Armstrong who by most accounts that I’ve read, and even two of my own personal experiences, is an abrasive egomaniac. Especially when you consider how much he aggressively tried to sell himself as a clean athlete and attacked those who challenged it. At some point during Lance’s career, he should have just stopped attacking his accusers and just said, “I have never tested positive on performance enhancers.” The accurate statement would have been boring and would probably have created a more sympathetic perception of him now.

Hamilton includes a couple fun analogies of guys being on EPO, “It’d be like you were in a weight room, and you saw a guy lifting an insane amount of weight, with one hand, and everyone acted like it was normal.”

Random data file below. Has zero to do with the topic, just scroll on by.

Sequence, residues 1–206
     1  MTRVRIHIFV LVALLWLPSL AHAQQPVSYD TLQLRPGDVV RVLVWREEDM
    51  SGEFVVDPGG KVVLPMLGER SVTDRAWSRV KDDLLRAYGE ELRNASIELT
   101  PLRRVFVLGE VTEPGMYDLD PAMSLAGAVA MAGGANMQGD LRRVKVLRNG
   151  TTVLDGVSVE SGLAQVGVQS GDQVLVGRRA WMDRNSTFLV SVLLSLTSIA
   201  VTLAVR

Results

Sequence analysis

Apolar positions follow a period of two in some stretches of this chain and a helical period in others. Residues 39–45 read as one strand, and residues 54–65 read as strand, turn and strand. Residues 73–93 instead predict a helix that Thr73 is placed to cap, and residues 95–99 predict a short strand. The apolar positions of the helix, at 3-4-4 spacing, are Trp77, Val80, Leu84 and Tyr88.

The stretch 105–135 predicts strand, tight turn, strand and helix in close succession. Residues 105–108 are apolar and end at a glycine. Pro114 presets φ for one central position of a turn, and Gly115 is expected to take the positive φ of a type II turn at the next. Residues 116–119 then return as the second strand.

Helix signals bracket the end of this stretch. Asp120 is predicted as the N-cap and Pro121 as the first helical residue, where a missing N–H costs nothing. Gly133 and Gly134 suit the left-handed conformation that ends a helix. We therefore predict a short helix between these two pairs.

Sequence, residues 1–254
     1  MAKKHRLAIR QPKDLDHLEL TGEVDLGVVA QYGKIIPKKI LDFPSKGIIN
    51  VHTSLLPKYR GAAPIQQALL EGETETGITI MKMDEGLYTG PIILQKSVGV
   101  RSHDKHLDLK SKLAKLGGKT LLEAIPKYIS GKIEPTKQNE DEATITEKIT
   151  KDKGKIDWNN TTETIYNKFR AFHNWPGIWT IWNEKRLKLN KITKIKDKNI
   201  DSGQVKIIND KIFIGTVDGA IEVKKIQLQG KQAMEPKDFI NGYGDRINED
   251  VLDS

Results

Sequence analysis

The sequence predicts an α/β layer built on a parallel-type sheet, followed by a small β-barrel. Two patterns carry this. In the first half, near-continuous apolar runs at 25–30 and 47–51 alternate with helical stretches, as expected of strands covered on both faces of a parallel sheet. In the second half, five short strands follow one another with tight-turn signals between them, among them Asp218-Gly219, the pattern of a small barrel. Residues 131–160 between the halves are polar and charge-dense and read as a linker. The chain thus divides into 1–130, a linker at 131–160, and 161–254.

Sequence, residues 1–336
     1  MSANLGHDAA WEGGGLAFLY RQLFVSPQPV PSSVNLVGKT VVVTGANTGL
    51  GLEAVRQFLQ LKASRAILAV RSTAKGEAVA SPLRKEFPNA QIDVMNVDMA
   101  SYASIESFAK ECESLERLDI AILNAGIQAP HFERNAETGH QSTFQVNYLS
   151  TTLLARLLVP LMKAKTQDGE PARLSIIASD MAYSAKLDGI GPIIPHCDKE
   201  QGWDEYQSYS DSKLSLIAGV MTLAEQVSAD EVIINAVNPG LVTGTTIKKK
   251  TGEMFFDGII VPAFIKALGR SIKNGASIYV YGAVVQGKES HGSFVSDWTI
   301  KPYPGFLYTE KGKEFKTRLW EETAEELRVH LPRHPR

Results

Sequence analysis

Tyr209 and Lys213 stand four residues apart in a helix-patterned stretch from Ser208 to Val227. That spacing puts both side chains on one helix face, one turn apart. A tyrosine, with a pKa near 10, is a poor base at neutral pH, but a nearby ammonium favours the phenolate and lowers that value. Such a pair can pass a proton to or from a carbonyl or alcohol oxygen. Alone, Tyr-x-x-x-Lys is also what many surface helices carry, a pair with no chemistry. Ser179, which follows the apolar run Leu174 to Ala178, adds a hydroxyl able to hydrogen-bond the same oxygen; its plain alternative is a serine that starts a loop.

Apparently he and Lance often yelled, “Not normal!” during races for guys that were racing abnormally well (I’ve adopted this phrase for fun moments with my 2 year old when something fun happens like a garbage truck knocks over a trash can — NOT NORMAL!)

One other thing that fascinated me was Hamilton’s discussion on weight. It was only for about half a chapter, but he says (I’m paraphrasing) , “I would rather have taken weight decline of 1-3% of his body weight over any performance enhancer!”  The sad reality is that being really really thin, allows you to run/cycle really really fast. This creates a tough dilemma for a lot of amateur athletes and especially their coaches. It’s pretty easy to turn a blind eye to potential health concerns of an athlete while she’s crushing her competition.

“How can she be unhealthy, she’s doing great??”

Definitely worth reading for people who like sports, cycling, tough life choices, or even just conspiracies.